Solving complex or persistent problems often requires approaching them from more than one angle.
That’s why the Safer Communities and Neighbourhoods (SCAN) unit can be a valuable tool in combatting illegal activity and keeping communities safe and secure.
A recent case on Edmonton’s north side showed how measures used by SCAN, in concert with police, helped break the cycle of drug trafficking at a problem property in the neighbourhood.
After investigations confirmed drug activity at the north Edmonton property, SCAN investigators used their evidence to obtain a Community Safety Order (CSO) which gave them the authority to evict tenants from the property and ban any new occupants for two years.
“The residents of this neighbourhood have endured the negative impact that a property entrenched in the drug subculture brings,” SCAN investigator Paul Hennig said.
“The community can now breathe easier, knowing that the people responsible for making them feel unsafe and preventing them from enjoying their own property won’t be allowed back.”
In December 2015, SCAN investigators engaged the Edmonton Police Service for assistance, and police officers arrested two people. Criminal charges were laid and officers seized a quantity of cocaine from both of them.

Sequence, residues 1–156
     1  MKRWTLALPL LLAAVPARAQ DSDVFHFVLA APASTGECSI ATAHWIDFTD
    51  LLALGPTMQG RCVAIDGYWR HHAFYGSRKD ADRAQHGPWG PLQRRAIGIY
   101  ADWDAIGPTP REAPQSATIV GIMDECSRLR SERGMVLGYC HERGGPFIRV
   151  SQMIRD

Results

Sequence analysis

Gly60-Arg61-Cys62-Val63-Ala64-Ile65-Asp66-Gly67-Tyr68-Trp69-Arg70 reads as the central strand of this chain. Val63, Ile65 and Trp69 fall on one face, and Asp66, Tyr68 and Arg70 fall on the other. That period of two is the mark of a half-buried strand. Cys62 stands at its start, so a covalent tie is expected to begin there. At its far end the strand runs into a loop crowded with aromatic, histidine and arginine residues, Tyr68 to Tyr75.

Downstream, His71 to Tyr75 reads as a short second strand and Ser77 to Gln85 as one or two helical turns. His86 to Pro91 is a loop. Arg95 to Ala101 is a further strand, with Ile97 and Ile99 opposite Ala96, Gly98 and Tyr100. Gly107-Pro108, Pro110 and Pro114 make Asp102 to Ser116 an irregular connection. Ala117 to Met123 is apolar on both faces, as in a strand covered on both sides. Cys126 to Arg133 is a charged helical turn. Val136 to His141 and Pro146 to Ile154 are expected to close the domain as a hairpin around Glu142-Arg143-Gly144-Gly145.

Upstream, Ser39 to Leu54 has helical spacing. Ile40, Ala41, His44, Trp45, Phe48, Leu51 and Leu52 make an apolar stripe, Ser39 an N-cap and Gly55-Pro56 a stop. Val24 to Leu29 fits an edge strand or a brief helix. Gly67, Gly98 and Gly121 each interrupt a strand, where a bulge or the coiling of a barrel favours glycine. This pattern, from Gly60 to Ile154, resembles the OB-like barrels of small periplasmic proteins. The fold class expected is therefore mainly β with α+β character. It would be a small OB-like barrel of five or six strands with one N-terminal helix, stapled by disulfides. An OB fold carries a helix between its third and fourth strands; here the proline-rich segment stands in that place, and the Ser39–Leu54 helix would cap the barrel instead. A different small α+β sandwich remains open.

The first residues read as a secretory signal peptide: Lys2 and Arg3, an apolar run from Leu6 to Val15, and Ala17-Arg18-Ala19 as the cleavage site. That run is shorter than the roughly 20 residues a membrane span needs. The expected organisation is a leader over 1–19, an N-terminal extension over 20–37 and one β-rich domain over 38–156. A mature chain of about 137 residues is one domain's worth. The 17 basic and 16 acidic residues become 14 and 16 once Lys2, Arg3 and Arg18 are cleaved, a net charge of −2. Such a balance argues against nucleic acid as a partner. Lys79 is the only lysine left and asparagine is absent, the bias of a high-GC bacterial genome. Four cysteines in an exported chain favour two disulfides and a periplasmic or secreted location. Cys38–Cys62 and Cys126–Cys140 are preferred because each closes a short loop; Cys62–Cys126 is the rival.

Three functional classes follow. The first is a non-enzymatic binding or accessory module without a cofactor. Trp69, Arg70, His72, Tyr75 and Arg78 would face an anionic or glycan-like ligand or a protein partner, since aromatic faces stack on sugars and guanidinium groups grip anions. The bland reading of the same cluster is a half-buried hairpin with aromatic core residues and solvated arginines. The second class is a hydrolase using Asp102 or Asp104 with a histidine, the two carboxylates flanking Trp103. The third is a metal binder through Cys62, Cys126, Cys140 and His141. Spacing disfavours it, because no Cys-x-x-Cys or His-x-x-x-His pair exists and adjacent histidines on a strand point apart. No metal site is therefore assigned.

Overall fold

The CSO obtained by SCAN, which went into effect September 19, shut down the drug activity by forcing out the problem tenants, while allowing the landlord to remain in the home.
The Safer Neighbourhood and Communities Act gives SCAN the authority to close problem properties by boarding them up and fencing them off. However, many complaints are resolved informally or with less serious measures, as was the case with this property. Last year, SCAN received 626 complaints and resolved the majority of them through informal means such as warning letters. Only eight cases resulted in CSOs.
Albertans who suspect illegal activity is occurring at a property in their neighbourhood can contact SCAN online or toll-free at 1-866-960-SCAN (7226). All complaints are confidential. Residents are reminded to never investigate suspected problem properties on their own.